Cat Delmar  16:53  
I'm so glad you mentioned that. I've had a hard time with that, like all my life. And literally my upbringing was such that you're supposed to not lean on your own understanding. I've literally that's one of the most quoted phrases in the Christian community. And like the damage of that it has lasted for years. And even though I'm more aware, I still because I have really good intuition. And it's got better. But I still second guess my intuition because of that upbringing, where like, I'm not supposed to trust my humaneness? Because that's evil.

Arline  17:29  
Yes, because that's evil. We're supposed to trust other humans who apparently aren't evil and know things because they have heard from God or even, even like, I think back to the times of when it's, we were told to read the Bible more or pray more. If we could only know if it was from God, if it went in line with the things we already believed, from the people around us. And the way we have been told to interpret the Bible in it still, it still came down to other people's interpretation of the Bible, or what prayer is or however, but But it never occurred to me to trust my own judgment. And question the other people's judgment, if that makes

Cat Delmar  18:16  
sense. Yeah, definitely, definitely, like, as if some people have revelations or have access to revelations that I don't have access to. It's just it's a power structure. It's, it's all about securing power. Because if they're the ones that have preferential access to these revelations, then they can delegate out and dictate what everyone else is supposed to do, because everyone else is beneath them, because they don't have access to these insights or whatever.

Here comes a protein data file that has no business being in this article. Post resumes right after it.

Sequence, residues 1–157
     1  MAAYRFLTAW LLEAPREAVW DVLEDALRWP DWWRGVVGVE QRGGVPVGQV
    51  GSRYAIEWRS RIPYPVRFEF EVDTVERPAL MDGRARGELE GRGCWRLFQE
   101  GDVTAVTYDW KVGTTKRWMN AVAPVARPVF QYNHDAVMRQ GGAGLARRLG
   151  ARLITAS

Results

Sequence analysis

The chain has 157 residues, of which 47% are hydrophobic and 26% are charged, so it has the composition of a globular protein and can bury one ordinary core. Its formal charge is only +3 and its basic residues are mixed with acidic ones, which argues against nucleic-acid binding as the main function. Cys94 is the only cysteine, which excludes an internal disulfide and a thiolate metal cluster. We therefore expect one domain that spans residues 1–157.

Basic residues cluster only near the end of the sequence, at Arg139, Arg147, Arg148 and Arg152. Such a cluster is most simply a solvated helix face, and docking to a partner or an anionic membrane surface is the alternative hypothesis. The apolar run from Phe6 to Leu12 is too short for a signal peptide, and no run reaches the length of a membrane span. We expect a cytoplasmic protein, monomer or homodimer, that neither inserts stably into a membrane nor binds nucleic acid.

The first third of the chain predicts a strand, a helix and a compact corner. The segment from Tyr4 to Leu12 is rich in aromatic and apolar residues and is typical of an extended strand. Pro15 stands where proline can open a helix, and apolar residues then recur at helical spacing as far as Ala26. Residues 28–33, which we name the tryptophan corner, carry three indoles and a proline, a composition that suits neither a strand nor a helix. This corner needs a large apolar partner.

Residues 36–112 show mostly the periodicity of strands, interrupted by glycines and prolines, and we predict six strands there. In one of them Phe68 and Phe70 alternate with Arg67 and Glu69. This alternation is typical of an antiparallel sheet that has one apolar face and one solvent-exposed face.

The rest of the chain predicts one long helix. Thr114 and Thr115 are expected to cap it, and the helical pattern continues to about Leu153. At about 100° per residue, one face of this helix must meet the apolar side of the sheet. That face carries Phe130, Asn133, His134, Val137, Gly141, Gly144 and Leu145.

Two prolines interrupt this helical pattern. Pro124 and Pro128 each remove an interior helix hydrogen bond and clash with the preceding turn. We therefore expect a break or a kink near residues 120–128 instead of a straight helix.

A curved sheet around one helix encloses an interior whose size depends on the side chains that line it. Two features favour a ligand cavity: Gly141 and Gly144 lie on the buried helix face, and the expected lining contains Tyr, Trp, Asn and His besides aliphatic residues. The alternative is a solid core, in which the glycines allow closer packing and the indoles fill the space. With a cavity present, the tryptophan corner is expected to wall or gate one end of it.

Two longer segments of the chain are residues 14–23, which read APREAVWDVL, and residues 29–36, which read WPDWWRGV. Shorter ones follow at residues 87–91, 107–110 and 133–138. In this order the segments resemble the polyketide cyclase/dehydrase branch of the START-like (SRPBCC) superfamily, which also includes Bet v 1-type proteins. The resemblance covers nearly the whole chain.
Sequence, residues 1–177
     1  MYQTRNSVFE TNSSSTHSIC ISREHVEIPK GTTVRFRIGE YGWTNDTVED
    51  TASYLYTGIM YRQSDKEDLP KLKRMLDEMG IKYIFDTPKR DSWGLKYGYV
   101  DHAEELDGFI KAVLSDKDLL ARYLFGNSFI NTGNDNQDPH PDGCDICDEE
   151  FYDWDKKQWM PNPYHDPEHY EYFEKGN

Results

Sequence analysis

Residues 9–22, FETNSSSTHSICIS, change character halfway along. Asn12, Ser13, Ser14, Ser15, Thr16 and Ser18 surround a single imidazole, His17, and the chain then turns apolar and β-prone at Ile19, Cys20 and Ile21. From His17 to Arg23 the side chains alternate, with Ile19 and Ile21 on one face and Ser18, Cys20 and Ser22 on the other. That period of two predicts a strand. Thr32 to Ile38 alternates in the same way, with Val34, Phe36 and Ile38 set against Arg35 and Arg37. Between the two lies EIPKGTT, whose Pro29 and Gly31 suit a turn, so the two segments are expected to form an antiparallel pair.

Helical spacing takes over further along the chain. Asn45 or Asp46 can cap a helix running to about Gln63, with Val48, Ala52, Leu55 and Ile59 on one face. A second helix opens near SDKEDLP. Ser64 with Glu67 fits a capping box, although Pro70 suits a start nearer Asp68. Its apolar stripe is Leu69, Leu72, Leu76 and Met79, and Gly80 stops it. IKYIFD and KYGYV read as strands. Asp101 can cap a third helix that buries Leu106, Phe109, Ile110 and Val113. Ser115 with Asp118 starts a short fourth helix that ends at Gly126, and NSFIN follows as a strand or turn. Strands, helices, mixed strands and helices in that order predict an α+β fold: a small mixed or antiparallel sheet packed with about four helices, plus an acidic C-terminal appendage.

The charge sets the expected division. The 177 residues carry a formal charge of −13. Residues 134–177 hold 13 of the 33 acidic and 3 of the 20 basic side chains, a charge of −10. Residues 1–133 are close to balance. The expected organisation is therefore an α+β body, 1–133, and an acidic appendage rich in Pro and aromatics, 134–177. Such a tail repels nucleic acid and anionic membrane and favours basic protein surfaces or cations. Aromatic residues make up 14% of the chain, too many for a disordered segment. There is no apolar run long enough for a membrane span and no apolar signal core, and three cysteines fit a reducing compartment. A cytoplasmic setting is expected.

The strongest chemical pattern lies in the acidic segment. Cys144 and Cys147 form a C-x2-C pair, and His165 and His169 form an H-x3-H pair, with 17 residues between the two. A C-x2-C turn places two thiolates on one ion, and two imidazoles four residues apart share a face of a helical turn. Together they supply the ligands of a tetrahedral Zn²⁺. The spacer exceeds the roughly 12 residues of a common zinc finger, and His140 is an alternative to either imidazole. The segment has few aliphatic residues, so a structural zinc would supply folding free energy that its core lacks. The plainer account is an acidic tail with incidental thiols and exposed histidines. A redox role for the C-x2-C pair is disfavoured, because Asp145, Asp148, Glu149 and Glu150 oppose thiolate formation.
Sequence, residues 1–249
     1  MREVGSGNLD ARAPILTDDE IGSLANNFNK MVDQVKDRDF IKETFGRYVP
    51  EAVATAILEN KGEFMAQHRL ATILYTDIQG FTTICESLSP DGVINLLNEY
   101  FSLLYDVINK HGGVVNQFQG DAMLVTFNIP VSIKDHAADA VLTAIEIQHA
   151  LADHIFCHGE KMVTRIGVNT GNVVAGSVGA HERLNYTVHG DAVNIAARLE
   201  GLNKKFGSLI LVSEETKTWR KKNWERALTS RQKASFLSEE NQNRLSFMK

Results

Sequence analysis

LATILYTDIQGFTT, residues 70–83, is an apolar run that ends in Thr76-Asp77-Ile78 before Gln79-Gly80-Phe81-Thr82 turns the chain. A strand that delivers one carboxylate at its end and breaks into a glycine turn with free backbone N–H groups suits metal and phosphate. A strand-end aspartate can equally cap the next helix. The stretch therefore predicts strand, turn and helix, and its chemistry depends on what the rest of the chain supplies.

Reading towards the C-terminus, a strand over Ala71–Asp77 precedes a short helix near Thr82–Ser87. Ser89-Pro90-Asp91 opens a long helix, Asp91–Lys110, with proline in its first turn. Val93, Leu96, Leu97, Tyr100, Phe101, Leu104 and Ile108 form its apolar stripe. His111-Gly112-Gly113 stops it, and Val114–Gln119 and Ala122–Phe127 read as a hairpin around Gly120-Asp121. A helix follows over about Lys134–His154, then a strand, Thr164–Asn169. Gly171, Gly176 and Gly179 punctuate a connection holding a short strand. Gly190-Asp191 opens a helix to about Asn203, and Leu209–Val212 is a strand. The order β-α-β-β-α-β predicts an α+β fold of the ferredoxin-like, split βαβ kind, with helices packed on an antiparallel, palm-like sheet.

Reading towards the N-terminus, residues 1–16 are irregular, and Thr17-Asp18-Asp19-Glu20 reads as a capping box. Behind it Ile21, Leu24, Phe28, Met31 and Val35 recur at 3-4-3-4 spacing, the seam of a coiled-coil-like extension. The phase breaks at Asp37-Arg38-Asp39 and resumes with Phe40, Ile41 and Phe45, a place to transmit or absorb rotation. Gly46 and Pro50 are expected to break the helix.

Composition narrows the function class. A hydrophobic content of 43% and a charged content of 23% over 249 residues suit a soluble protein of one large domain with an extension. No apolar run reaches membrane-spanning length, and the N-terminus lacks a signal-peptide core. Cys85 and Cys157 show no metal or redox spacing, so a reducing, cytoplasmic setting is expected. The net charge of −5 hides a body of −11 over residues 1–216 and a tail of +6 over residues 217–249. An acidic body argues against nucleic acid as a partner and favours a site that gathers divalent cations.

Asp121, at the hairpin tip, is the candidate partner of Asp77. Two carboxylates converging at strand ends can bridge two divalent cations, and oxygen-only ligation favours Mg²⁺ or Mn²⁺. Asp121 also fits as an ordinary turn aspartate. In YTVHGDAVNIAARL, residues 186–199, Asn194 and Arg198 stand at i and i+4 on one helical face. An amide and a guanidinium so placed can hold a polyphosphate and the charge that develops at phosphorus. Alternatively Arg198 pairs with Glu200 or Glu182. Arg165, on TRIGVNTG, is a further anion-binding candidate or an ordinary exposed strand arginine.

Arline  18:49  
And I think back to, like, we believed in we were Presbyterian for most of the time, but as an adult, and we believed in what, what was it called? Oh, the priesthood of all believers. So we believed that like everyone had access to God's revelation, like nobody was above, but someone like John Piper or Matt Chandler, or the pastor or just anyone if they said something and interpreted scripture, it was, even though we weren't supposed to think it was probably more holy and more correct. We still did. They were celebrity pastors, they knew all the things. So yeah, our functional theology was very different than what we said we actually believed. For sure.

Cat Delmar  19:31  
And that kind of reminds me of how like, even if we kind of zoom out a little bit to Christianity as a whole Christians are really I mean, I have more Sprint's of Christianity, but from what I've seen, Christians really have a monopoly on this doctrine that their ways the only way and if you don't believe this religion, you're going to hell

So and by that time by 16, I was already thinking to myself, I just don't think that's true. Because what about people that are, you know, living in I don't know, Bangladesh, or, or on a deserted island somewhere in Ghana, not deserted, but like some island that doesn't have access to missionaries or whatever? Are they just going to hell? Because they didn't hear about the European version of Christianity? How does that even make sense? Why would the only divinity if there is such a thing? Why would that be just relegated to just this little area of the Middle East? And so it just, it was starting to make sense. And I even talked to one of my aunts about this, who was an advantage on my dad's side, and she's like, yep, well, I don't think those people are going to help you there. So even she, as an as a pretty decently developed event, didn't believe that you had to believe in Christ to go to heaven or whatever. So I was already starting to think that by the time I was in my mid teens,

Arline  21:10  
yeah, I was going to ask, were you asking questions outwardly, as a team? Were you asking other people? Or was or were these just internal questions that you were curious about?

Cat Delmar  21:20